In the world of home studios, creativity knows no bounds. Musicians are constantly pushing the envelope, seeking out fresh sounds and innovative ways to make their mark in the music industry. One approach is through the use of unconventional instruments, which can add a unique edge to your home recordings. This article explores ten such exotic musical tools that you can incorporate into your production process.
The theremin is an early electronic instrument, controlled without physical contact by the thereminist. Its eerie, ethereal sound makes it perfect for creating otherworldly effects.
2. Hang Drum
The Hang Drum, or ‘Hang’, is a unique percussion instrument that produces soothing, bell-like tones. It’s a relatively new instrument that can provide a distinctive sound in your home studio.
This wind instrument, indigenous to the Aboriginal people of Australia, produces a deep, resonant sound. The didgeridoo can add an earthy and organic feel to your tracks.
A waterphone is a type of inharmonic acoustic percussion instrument. It consists of a stainless steel resonator bowl with a cylindrical neck and bronze rods of different lengths around the rim of the bowl. When played with a bow, it creates hauntingly beautiful sounds.
5. Musical Saw
Yes, an actual saw! When played with a bow, the saw produces a surprisingly melodic, eerie sound. It’s been used in everything from folk music to horror movie soundtracks.
6. Stroh Violin
A Stroh violin is a type of stringed instrument that is mechanically amplified by a metal resonator and horn attached to its body. The result is a raw, nasally violin sound that could be just what your mix is missing.
7. Ondes Martenot
Used extensively in film scores and avant-garde music, the Ondes Martenot is an early electronic instrument known for its eerie wavering notes. It’s like a theremin, but with more control.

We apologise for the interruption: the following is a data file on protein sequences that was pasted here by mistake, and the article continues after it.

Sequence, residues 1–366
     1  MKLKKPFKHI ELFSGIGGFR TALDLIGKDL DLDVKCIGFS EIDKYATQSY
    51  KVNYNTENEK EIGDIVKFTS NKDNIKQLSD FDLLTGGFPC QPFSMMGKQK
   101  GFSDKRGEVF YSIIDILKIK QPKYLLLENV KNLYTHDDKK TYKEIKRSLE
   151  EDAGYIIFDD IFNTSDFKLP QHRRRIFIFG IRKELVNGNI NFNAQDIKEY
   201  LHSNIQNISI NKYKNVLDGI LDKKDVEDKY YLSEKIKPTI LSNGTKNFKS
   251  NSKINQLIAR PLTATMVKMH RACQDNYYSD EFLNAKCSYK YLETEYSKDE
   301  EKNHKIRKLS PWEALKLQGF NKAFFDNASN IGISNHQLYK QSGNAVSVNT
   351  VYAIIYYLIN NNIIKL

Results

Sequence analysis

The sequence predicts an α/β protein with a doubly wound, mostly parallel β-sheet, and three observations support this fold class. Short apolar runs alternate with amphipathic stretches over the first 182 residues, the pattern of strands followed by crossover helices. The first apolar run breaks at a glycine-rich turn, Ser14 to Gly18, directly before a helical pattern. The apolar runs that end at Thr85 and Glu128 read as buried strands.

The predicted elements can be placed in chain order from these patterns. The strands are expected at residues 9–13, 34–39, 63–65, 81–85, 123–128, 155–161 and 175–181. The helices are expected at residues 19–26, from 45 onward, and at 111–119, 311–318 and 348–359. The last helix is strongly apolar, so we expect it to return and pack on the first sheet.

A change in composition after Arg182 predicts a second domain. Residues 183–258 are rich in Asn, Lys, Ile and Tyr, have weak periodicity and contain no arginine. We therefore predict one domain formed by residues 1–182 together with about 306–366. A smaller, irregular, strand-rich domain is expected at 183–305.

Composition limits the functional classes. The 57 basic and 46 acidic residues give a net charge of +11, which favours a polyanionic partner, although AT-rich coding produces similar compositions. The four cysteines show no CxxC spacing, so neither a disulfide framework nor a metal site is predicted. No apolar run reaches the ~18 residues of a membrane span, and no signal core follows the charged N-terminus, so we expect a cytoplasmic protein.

8. Chapman Stick
The Chapman Stick is a unique stringed instrument designed as a fully polyphonic chordal instrument that can cover several musical parts at once. It’s a versatile tool that can add depth to your recordings.
9. Glass Armonica
Invented by Benjamin Franklin, the glass armonica is played by rubbing glass bowls with wet fingers to create ethereal, choir-like sounds. It’s rare, but can add an indescribable quality to your tracks.
This Japanese electronic musical synthesizer, known for its cute design and distinct sound, can add a playful and eclectic tone to your music.
Incorporating unconventional instruments into your home studio repertoire can help you push the boundaries of your music and stand out from the crowd. They can introduce new textures and tones into your work, keeping your sound fresh and exciting. Remember, the key to great music isn’t always about having the most expensive gear or the latest technology. Sometimes, it’s about exploring the world of exotic music and finding beauty in the unexpected. So why not give these instruments a try and see where your creativity takes you?